Cargo insurers can expect to face a large exposure value after the recent tanker attacks in the Gulf of Oman.
Will Blockchain revolutionise Marine Insurance?
05 July 2018 | Blog Post
In 2014, a team of Maersk IT specialists tracked containers of avocados and roses from Kenya to the Netherlands. The goal of Maersk was simply to document the paperwork process that goes into tracking a shipment on its voyage from one port to another. Tracking this journey was a voyage of discovery for Maersk as it led to a series of startling discoveries that ultimately led to their decision to set up Blockchain. Firstly, Maersk mapped out 200 interactions between the shipment with its crew of 30 people with various administrative protocols on its journey. Secondly, while the shipment took 34 days to reach the Netherlands, officials in the Netherlands had to wait an extra 10 days for the correct documentation, which disappeared during the voyage, to resurface. In Maersk’s opinion, this amplified the need for the industry to embrace electronic filing in the form of blockchain.
The Maritime Industry is notorious for being a paper-intensive one, so it is no surprise to learn that on various occasions, paper documents disappear, especially when you consider the “shipping paper trail” as a whole. The trail starts when a cargo owner books a space on a ship to move goods. Documentation is then filled in and approved before cargo can enter or leave a port. Thus, a single shipment requires hundreds of pages that need to be physically delivered to dozens of different agencies, banks, custom bureaus and other entities.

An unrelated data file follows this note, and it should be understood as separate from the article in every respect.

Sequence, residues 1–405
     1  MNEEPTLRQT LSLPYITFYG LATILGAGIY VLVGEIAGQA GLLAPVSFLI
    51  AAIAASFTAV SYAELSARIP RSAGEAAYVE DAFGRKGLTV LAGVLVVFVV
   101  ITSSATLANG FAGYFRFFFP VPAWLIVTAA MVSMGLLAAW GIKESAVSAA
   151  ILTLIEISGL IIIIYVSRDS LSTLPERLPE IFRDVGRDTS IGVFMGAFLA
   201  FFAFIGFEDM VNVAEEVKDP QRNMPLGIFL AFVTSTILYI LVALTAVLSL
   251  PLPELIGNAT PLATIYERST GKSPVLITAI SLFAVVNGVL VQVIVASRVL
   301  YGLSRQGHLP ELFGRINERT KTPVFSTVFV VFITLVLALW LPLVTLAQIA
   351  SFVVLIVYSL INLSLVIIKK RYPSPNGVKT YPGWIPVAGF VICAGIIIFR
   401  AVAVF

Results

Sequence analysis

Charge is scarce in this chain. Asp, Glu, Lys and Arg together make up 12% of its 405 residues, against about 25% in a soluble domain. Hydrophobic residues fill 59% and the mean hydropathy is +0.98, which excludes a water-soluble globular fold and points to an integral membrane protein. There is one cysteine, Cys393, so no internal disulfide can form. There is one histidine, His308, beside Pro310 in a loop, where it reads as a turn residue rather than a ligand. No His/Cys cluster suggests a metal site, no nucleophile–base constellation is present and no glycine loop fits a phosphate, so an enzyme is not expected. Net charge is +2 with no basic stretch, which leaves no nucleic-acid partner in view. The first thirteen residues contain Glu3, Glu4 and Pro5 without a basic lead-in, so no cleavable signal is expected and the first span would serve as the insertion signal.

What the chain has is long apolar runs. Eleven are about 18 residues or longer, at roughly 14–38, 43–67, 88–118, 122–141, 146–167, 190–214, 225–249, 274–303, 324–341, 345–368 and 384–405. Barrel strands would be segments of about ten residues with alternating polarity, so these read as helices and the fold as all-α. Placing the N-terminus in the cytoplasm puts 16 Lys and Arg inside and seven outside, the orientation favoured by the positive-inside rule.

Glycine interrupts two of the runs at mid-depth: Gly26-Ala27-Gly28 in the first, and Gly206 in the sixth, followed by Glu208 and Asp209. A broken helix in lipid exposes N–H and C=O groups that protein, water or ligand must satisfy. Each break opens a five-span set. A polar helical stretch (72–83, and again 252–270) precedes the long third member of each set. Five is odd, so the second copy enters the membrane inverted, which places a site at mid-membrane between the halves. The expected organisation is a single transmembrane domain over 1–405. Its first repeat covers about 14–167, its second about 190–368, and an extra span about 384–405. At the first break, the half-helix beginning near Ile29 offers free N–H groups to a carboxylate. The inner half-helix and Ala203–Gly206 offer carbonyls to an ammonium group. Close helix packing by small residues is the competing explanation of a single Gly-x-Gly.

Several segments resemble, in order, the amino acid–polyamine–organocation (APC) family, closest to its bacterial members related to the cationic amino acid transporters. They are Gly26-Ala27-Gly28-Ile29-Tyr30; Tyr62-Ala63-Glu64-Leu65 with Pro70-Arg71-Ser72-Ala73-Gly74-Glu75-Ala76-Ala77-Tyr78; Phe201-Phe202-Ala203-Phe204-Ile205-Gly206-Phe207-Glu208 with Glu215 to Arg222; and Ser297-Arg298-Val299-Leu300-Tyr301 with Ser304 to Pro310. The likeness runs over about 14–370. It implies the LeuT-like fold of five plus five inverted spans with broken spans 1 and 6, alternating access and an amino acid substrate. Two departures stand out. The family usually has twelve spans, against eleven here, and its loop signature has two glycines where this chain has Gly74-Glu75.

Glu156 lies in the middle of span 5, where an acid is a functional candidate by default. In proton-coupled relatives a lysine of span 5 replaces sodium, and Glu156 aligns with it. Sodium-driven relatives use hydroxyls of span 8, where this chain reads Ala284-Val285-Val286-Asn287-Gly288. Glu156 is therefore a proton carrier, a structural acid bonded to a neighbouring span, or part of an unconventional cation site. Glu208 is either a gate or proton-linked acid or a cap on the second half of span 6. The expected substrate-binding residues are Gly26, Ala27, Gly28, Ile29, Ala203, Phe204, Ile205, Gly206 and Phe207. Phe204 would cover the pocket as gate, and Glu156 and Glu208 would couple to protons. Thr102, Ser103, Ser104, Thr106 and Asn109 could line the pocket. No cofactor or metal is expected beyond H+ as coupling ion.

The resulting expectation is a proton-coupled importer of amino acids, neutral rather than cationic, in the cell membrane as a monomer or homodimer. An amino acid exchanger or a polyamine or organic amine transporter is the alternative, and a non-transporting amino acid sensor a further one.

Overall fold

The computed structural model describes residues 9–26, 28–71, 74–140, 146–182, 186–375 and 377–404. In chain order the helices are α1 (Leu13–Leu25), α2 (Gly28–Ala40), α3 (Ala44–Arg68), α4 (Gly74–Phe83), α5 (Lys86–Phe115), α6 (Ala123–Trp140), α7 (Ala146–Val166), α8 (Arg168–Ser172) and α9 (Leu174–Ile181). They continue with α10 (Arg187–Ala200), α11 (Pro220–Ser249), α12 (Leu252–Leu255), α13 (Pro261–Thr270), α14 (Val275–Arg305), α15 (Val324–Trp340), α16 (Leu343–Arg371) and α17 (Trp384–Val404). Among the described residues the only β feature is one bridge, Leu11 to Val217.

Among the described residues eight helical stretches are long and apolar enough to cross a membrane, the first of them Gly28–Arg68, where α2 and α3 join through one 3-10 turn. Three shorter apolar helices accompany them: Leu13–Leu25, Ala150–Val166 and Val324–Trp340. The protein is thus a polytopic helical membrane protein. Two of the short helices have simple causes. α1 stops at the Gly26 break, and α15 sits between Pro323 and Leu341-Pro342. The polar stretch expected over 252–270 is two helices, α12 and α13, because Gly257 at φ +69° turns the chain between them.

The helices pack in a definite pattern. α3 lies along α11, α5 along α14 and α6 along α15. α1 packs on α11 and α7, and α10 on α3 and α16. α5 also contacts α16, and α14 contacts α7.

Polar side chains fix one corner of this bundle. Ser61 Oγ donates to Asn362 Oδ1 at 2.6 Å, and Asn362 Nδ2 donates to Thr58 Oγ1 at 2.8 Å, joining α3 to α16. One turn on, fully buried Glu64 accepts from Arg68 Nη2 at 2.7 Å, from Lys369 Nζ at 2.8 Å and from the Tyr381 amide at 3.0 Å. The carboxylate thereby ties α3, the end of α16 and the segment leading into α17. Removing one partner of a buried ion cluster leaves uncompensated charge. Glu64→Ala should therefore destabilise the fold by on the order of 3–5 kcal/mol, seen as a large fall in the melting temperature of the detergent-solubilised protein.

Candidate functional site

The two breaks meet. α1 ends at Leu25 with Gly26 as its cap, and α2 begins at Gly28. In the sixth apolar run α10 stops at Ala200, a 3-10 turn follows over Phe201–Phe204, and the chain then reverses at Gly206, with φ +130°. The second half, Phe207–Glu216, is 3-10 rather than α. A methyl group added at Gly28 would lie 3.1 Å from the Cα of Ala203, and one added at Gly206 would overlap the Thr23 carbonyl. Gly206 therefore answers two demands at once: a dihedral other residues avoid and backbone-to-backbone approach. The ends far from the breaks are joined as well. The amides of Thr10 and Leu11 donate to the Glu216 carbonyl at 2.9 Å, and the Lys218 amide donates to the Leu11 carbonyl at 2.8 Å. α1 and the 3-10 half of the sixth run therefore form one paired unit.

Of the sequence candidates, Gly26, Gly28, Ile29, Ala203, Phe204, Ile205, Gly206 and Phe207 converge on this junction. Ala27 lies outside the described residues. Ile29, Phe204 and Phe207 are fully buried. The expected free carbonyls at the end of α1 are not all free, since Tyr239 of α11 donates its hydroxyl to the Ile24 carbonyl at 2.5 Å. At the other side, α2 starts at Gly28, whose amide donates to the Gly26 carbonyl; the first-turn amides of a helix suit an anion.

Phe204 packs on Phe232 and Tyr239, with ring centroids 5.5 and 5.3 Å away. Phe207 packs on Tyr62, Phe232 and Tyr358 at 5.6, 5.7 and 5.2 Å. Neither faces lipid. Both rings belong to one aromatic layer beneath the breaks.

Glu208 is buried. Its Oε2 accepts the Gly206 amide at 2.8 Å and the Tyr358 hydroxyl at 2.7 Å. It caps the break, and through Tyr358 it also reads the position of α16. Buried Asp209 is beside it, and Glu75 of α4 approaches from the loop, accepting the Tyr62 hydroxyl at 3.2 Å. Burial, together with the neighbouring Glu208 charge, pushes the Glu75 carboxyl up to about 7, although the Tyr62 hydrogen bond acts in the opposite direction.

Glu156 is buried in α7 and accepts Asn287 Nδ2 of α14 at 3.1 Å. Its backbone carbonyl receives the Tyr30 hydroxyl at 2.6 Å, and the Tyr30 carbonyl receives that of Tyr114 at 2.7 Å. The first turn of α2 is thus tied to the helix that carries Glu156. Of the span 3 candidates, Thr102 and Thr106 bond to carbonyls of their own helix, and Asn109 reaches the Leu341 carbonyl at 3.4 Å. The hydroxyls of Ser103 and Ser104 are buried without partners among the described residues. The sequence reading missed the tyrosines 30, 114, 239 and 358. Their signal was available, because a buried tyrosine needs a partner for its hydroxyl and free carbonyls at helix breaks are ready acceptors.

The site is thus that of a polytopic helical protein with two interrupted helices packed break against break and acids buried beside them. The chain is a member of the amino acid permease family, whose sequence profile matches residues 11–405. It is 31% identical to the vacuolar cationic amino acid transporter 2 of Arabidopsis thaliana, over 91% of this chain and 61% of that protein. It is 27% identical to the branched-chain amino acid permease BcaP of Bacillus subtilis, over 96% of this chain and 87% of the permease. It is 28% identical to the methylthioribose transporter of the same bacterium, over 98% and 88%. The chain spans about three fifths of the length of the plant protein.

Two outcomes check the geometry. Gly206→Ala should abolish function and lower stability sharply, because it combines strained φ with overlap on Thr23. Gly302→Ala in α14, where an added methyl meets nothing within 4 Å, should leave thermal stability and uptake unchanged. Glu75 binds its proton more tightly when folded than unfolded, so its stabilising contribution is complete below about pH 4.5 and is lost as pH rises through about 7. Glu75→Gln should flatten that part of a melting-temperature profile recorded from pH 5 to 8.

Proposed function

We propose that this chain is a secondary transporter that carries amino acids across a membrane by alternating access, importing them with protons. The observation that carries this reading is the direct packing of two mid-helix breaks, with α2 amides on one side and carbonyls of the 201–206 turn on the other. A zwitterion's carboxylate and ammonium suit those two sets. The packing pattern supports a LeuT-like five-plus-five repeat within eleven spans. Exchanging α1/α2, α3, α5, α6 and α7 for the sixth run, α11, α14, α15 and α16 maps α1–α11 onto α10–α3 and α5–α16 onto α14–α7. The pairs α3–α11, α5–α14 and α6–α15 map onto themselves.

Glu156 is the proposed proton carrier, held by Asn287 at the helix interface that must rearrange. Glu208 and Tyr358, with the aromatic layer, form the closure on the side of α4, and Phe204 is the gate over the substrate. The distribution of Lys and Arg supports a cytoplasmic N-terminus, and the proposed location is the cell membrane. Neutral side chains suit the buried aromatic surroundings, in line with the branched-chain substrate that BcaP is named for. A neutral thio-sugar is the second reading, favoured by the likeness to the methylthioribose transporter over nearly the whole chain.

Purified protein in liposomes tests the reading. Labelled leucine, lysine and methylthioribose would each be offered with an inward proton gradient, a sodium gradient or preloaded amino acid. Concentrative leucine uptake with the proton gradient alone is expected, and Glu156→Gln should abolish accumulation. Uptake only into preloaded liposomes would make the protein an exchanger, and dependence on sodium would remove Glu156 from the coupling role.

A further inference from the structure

Similarly, on top of this paper-intensive trail is the various legal languages at national borders or in the case of the USA, state borders, despite the growing need for standardisation.
The paper-intensive process can inflict unintended consequences on the global trade system. For the loss of documentation can delay the delivery of important goods, which also have implications for “just-in-time” supply chains. For instance, a US phone manufacturer cannot start production on their new phone until certain parts are delivered from Asia and delays to their production process would result in triple figure ‘time to market’ losses